Next up I stayed in the 1990’s for Martin Scorcese’s Wolf of Wall Street. A story of broker excess if ever there was one. Now, of course, those of us trading the markets a quarter of a century ago did get up to no good on a few occasions in a similar – if not quite so extreme way – as Jordan Belfort and his Stratton Oakmont chums. Many of the stories from those times would be less than suitable for a family blog like this, but a couple might raise a smile.

First there was the diminutive short-end trader who found himself donning a motorcycle helmet at a German beerfest in Finsbury Park one night, shortly before being hurled head-first down a slippery alley into some inflatable skittles. Then there was the 25 stone settlements clerk, aptly named the Big O. A game was developed whereby we would duct-tape the entirely willing O to his wheelie chair and push him toward the far end wall of the trading floor over the lino. The trader that got the O closest to the wall without hitting would scoop the pot – which could be as much as £100. The sport was known as O curling.

Now the Wolf is a long, old film and is best enjoyed with a glass in hand. So the next day I finished off my viewing experience in the cold light of day with The Big Short. This 2015 effort based on Liars Pokers Michael Lewis’ 2010 book tells the story of how a few smart fund managers realised that the housing market was built on a massive pillar of sand, which in hindsight given the events of 2007 and 2008, was obvious. It features several cameo appearances with celebrities trying to break down some of the financial jargon.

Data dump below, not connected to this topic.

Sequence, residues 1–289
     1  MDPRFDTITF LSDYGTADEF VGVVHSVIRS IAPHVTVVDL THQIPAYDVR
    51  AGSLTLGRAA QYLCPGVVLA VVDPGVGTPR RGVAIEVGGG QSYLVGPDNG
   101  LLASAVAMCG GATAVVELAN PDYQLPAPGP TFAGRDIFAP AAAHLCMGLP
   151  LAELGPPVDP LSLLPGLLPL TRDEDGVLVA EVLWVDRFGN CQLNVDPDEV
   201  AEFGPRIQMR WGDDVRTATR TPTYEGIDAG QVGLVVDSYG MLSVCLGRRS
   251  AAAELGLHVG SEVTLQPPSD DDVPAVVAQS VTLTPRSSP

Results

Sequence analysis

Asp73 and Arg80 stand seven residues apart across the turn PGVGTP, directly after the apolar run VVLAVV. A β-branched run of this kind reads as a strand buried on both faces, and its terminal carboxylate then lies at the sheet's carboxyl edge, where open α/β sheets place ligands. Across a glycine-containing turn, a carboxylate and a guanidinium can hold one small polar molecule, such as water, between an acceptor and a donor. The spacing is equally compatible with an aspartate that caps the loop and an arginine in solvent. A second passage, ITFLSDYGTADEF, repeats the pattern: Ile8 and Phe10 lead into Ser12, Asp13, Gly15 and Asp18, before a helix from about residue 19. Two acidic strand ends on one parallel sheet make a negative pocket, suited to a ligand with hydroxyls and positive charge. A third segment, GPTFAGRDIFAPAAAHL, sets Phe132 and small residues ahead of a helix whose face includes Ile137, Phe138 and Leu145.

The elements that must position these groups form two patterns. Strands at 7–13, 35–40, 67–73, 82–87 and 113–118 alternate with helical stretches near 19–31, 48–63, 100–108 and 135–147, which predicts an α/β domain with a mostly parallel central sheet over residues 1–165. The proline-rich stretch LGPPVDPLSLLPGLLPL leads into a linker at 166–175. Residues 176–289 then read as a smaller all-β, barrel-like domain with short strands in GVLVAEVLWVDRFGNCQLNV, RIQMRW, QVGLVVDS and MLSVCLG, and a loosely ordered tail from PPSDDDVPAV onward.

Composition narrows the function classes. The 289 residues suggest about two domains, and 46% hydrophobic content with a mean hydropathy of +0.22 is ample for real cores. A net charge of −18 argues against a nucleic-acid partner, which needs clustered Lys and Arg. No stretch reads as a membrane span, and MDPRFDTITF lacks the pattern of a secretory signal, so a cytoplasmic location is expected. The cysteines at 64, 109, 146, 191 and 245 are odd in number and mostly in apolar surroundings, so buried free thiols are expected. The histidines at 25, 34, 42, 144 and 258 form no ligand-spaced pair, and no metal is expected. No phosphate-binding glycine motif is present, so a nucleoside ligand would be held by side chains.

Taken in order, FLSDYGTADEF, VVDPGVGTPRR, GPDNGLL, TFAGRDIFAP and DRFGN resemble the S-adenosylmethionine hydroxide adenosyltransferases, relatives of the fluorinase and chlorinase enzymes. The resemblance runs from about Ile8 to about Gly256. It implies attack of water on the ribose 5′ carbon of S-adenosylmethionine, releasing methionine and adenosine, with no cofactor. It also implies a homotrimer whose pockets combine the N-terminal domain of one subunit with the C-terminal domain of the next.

The most memorable was probably The Wolf’s female lead Margot Robbie lying in a bubble bath, sipping a glass of champagne and explaining sub-prime loans and why these new mortgage bonds were so sought after, why things started to go wrong and the definition of sub-prime bonds.

Which brings me neatly onto today’s topic. Having spent most of the last three years behind the hobs, some new types of investments have passed me by. As ever, the investment community is always on the look-out for the next big thing. Nothing has changed much since Lewis Ranieri and co came up with the mortgage market at Salomon’s in the 1980’s.

So, I thought I’d take a quick butchers at the instruments that are going to make everybody rich in the COVID-20’s – as I’m sure this decade will be dubbed.

Firstly we have Environmental, Social and Governance. Or ESG for short. ESG refers to three key factors when measuring the sustainability and ethical impact of an investment. ESG factors are a subset of non-financial performance indicators which include ethical, sustainable and corporate government issues. For example, a company will have systems in place to ensure accountability and managing its carbon footprint.

All of which is very worthy in these Greta Thunberg inspired times. And there are now loads of ESG funds looking to entice willing investors with that very worthiness.

Now one would hope that these funds will not follow the route of the mortgage bond market, but as we should all know by watching those films above, when it comes to the rewards to be accrued from the financial markets, there are always some that are ready, willing and able to bend the rules.